TL;DR: A sword has no strength unless the weilder that holds it has courage.
Originally Written: 03-Nov-2021
Word Count: 423
Read Time: 3 minutes
Readability Score: 73.6 (7th Grade)
In just about every Legend of Zelda game, the main protagonist - Link - is anything but social.
However, despite being a selective mute, this individual pursues their endeavors like no other.
As a person who does what is needed over what they would prefer, and without complaining, they are a hero.
Because they get the job done and they don't feel the need to open their mouth to tell everyone about it.
They just are.
What makes anyone in the modern era even remotely unique is when they can come against the hardest of obstacles with a smile, hope even.
It's not that hard, at least, that's how it appears to the frustrated and forlorn.
But it takes real courage to continue to hope for the best out of a situation even if one has been burned before.
So long as one isn't doing the same thing the exact same way and hoping for different results.
What do I mean?
When you fail in the game of Zelda, you merely respawn and have an opportunity to reattempt your approach with tact.
That, too, is what is yielded in the coming day, hour, and minute - a second chance.
What video games have taught me about navigating arduous situations is that failure is a part of the process of becoming yourself.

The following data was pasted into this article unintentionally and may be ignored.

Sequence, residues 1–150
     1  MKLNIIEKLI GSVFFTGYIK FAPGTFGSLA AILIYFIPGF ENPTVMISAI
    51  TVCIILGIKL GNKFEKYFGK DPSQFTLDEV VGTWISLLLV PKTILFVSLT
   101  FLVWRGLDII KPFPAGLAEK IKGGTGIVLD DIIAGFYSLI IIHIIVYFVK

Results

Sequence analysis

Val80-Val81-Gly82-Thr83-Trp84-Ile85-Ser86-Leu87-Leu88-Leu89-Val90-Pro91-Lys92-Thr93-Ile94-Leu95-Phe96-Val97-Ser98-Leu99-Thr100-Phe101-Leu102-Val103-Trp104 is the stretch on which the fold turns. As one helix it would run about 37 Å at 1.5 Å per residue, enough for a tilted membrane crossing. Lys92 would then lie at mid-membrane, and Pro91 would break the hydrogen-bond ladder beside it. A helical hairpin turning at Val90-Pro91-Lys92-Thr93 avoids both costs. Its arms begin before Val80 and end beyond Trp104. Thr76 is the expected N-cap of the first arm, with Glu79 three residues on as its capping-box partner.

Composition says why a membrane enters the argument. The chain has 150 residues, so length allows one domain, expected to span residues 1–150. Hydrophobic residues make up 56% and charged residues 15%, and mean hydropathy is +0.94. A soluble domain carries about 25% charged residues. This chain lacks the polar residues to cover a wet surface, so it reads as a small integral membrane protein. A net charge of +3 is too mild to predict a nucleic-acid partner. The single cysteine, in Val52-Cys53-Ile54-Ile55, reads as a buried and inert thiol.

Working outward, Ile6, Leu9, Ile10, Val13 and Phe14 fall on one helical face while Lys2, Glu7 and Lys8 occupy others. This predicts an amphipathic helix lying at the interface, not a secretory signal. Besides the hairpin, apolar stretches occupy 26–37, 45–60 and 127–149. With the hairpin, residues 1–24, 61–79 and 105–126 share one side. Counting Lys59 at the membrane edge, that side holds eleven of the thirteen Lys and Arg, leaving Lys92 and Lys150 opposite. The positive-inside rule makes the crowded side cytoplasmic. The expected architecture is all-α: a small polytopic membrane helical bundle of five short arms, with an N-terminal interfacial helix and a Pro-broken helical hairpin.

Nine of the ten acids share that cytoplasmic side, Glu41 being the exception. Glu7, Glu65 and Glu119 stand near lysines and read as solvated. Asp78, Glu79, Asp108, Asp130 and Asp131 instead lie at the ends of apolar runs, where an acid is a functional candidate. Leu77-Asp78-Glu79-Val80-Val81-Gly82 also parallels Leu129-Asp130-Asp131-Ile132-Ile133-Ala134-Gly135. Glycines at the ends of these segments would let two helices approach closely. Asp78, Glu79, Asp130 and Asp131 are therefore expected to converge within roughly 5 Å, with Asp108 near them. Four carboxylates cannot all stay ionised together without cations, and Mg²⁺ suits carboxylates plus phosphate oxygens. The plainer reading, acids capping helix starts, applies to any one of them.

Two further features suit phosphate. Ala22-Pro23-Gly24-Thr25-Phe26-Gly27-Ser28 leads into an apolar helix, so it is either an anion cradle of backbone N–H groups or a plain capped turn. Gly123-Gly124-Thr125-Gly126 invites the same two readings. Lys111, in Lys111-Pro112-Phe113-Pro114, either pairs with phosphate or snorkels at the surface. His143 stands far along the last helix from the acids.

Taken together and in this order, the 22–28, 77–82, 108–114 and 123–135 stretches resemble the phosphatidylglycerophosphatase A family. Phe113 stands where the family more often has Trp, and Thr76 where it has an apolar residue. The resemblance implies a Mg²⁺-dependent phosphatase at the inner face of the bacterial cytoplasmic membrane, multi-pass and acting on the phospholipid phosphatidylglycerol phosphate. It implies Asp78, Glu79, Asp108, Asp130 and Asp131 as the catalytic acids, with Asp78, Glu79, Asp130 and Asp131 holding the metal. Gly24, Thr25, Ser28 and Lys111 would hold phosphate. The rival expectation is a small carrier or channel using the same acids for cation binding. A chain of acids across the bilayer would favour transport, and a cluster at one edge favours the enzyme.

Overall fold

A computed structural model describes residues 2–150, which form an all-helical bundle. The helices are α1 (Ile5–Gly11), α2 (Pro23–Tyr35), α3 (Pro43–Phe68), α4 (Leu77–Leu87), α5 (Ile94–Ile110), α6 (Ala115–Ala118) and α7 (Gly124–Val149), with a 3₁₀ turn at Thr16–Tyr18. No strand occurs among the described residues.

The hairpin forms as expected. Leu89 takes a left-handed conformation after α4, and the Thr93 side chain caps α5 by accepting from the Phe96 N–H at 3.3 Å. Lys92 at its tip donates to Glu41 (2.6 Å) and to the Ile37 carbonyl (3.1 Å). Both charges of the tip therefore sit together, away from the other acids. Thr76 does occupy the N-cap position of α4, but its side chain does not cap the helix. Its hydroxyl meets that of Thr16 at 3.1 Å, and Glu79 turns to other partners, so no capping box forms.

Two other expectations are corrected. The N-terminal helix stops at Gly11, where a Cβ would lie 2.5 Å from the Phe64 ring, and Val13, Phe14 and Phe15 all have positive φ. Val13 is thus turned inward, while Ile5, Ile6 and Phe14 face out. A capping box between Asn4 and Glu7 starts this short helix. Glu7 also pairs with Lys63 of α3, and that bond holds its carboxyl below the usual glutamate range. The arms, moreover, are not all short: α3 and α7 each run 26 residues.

If you're being met with success after success, I promise you're in for a trap.
A trap of entitlement and expectation over what you think you deserve in this world and how you think others ought to view their situations because of your perspective.
But it takes perspective to see one's perspective as bitter, toxic even.
It takes context to see the angle we have approached our circumstances from so we may find ourselves walking within the ideas of a second chance for ourselves to overcome what is ahead.
From day to day, if nothing else, we persist.
Starting on something important today may not show results today, or tomorrow even.
It doesn't mean it's not worth doing.
What's worse? Working a long time to get what we wanted for ourselves or doing nothing to try to get close to our dreams and be forced to live a life where we chose to sleep on ourselves.
It is the truly entitled who stop at these moments and bemoan the experience of having to work for what they want.
But what do you call a warrior, with sword in hand, who has never fought a day in their life?